Winter Bass Fishing

March 5, 2016,
By Bryan May:

Winter is upon us. Well at least it is here in Ohio and Indiana...  Many people think the fish go into some strange hibernation during the winter so they just throw a cover over the boat until spring rolls around.  Fish don't go into a suspended animation. They don't just stop eating because it's cold.  If you've spent much time on the water you likely know that it can be tough fishing. Fish are cold-blooded animals. This means that they are the temperature of their surroundings. They don't maintain a certain internal temperature like you and I do. So as the water cools, so do the bass. Literally. As the fish cools down they move more slowly. They expend less energy and require fewer calories (food) to stay alive and healthy.  This works out nicely because their food is also moving more slowly.  Black bass, especially large bass, are lazy. They aren't going to be chasing anything around especially in the frigid waters of winter. Bass will want to move up and down the water column with little effort.  They do this for a few reasons:
  • to regulate their temperature
  • to find food
  • to find acceptable oxygen levels
  • to avoid too much direct sunlight

Winter is a time of year where I eliminate 95% of the water before I even reach the lake. I focus almost solely on steep (45 degrees or so) rocky banks. There just aren't that many of these areas on my lakes - yours may vary...  Now that 95% of the lake is gone, what's next?  I turn to my electronics now.  I'm looking for concentrations of bait fish (shad).  Although the bass aren't eating as often as I'd like them to, they will still want to be around food. And the shad, especially the smaller Thread-fin Shad, begin to die as the water temperature reaches the low forties. That makes it easy pickins for the bass - remember they are lazy, right? You will very often find that the bait fish are bunched up, so once you find them you will find millions of them. The bass will often be bunched up nearby as well.  So we're now in a high percentage area and are finally ready to begin fishing. 

The age-old question now is - what to throw?  For me this is an easy one.  When I left the house I had 2 rods rigged up and ready to go on the deck of my boat.  One has a blade bait tied on and the other has an underspin jig ready to go.  My go-to is the blade bait so I will always start with that, especially when I find bunched up bait fish.  My approach is simple.  Cast out the blade bait and let it fall all the way to the bottom. I do this on semi-slack line and I watch my line the whole time.  Bass normally hit the bait on the way down and they do it very softly.  You will often times not detect the strike but will simply see a slight tick of the line.  After it settles to the bottom, you will lift it a foot or two and let it flutter back down. This simulates dying shad very effectively.  These are days that require more than a little perseverance.  I've fished blade baits for 10 hours for 5 fish. And I've fished 10 hours for 1 fish.  If baitfish are bunched up I will throw blade baits until my arms fall off.  If they are more spread out or if I mark bass suspended I will throw underspins rigged with a small plastic swimbait (match the hatch time). This is, for me, a more or less steady retrieve through the water column.  You can slow roll it over the bottom or pick any depth - make sure you try that depth where you marked them suspended...  Some people slowly drag jigs along the bottom in the winter and that can be effective but for me it's blade baits and underspins.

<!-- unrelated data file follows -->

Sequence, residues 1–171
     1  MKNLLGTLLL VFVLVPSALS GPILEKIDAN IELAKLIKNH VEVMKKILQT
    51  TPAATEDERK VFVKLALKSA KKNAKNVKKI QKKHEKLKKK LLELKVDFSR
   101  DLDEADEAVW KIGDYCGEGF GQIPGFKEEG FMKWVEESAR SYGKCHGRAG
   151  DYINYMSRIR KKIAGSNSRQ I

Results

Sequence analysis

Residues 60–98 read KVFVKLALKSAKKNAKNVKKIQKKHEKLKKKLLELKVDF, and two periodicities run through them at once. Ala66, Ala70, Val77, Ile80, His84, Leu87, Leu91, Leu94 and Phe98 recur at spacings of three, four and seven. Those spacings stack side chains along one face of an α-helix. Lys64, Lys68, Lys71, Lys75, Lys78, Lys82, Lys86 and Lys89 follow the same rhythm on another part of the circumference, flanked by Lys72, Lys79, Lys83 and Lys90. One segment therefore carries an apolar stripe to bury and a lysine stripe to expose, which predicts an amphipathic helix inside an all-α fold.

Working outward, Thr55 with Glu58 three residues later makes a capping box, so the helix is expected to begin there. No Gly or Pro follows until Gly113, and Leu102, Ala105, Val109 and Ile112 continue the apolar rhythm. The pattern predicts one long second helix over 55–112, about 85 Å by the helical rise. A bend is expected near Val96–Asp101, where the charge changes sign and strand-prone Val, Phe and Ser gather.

Cincy Fisher Blade Bait





Cincy Fisher Underspin

Tight Lines,
Bryan May